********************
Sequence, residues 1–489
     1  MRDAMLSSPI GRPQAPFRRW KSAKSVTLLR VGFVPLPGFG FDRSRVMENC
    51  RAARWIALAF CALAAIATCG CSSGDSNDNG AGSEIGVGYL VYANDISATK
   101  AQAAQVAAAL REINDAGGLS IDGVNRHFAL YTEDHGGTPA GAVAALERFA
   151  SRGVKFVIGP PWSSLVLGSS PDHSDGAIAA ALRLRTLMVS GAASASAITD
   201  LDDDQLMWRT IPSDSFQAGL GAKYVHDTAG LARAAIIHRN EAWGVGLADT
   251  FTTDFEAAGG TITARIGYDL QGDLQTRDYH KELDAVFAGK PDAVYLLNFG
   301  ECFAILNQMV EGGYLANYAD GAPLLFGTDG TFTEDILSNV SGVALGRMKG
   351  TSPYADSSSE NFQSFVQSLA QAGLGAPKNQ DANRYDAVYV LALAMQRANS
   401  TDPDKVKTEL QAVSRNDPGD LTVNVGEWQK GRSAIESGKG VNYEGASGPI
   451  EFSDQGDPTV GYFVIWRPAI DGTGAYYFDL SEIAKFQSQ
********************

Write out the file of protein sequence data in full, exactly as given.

Sequence, residues 1–489
     1  MRDAMLSSPI GRPQAPFRRW KSAKSVTLLR VGFVPLPGFG FDRSRVMENC
    51  RAARWIALAF CALAAIATCG CSSGDSNDNG AGSEIGVGYL VYANDISATK
   101  AQAAQVAAAL REINDAGGLS IDGVNRHFAL YTEDHGGTPA GAVAALERFA
   151  SRGVKFVIGP PWSSLVLGSS PDHSDGAIAA ALRLRTLMVS GAASASAITD
   201  LDDDQLMWRT IPSDSFQAGL GAKYVHDTAG LARAAIIHRN EAWGVGLADT
   251  FTTDFEAAGG TITARIGYDL QGDLQTRDYH KELDAVFAGK PDAVYLLNFG
   301  ECFAILNQMV EGGYLANYAD GAPLLFGTDG TFTEDILSNV SGVALGRMKG
   351  TSPYADSSSE NFQSFVQSLA QAGLGAPKNQ DANRYDAVYV LALAMQRANS
   401  TDPDKVKTEL QAVSRNDPGD LTVNVGEWQK GRSAIESGKG VNYEGASGPI
   451  EFSDQGDPTV GYFVIWRPAI DGTGAYYFDL SEIAKFQSQ